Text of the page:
The greater technology world has lost a true pioneer this week. Bryce Bayer, the Eastman Kodak scientist who is largely credited with inventing much of what we currently know to be digital image, passed away at the age of 83. In fact, he created the color filter using in digital photographer that still bears his name. Even today, the Bayer Filter is used in just about every digital camera produced, despite being patented way back in 1976. The three filters in his array are necessary in order to create color from greyscale metadata that's captured by an imaging chip. Before his handiwork came onto the scene, achieving this used a process that was far bulkier.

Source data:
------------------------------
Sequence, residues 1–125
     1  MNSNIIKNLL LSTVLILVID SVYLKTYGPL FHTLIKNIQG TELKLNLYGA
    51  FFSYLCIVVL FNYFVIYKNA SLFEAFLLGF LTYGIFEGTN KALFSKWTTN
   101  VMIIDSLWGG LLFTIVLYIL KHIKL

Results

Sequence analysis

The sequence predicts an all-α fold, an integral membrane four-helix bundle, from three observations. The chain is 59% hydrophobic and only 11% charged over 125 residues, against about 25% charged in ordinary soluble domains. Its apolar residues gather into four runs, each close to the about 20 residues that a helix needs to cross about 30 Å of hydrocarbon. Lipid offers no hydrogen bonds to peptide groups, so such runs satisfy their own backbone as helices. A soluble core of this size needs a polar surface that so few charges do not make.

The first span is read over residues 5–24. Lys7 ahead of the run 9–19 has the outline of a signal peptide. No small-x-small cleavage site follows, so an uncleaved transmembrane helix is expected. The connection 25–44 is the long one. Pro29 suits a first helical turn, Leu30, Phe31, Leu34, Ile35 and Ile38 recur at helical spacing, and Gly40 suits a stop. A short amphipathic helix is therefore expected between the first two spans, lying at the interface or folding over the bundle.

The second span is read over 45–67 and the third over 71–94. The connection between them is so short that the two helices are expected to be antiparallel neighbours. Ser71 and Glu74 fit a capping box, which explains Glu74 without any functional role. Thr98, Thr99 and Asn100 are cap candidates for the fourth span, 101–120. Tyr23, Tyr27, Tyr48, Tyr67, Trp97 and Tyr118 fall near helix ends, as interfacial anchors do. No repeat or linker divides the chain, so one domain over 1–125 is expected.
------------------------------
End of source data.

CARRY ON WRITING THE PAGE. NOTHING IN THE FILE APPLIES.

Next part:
In the 1990s, Bayer retired from Kodak, and lived until just recently where he passed in Maine. We send our best to his family. He'll no doubt go down in history as a major pioneer of technology; any time you can attach your own name to something that's used some 30+ years after its invention, you've accomplished something very few individuals ever will.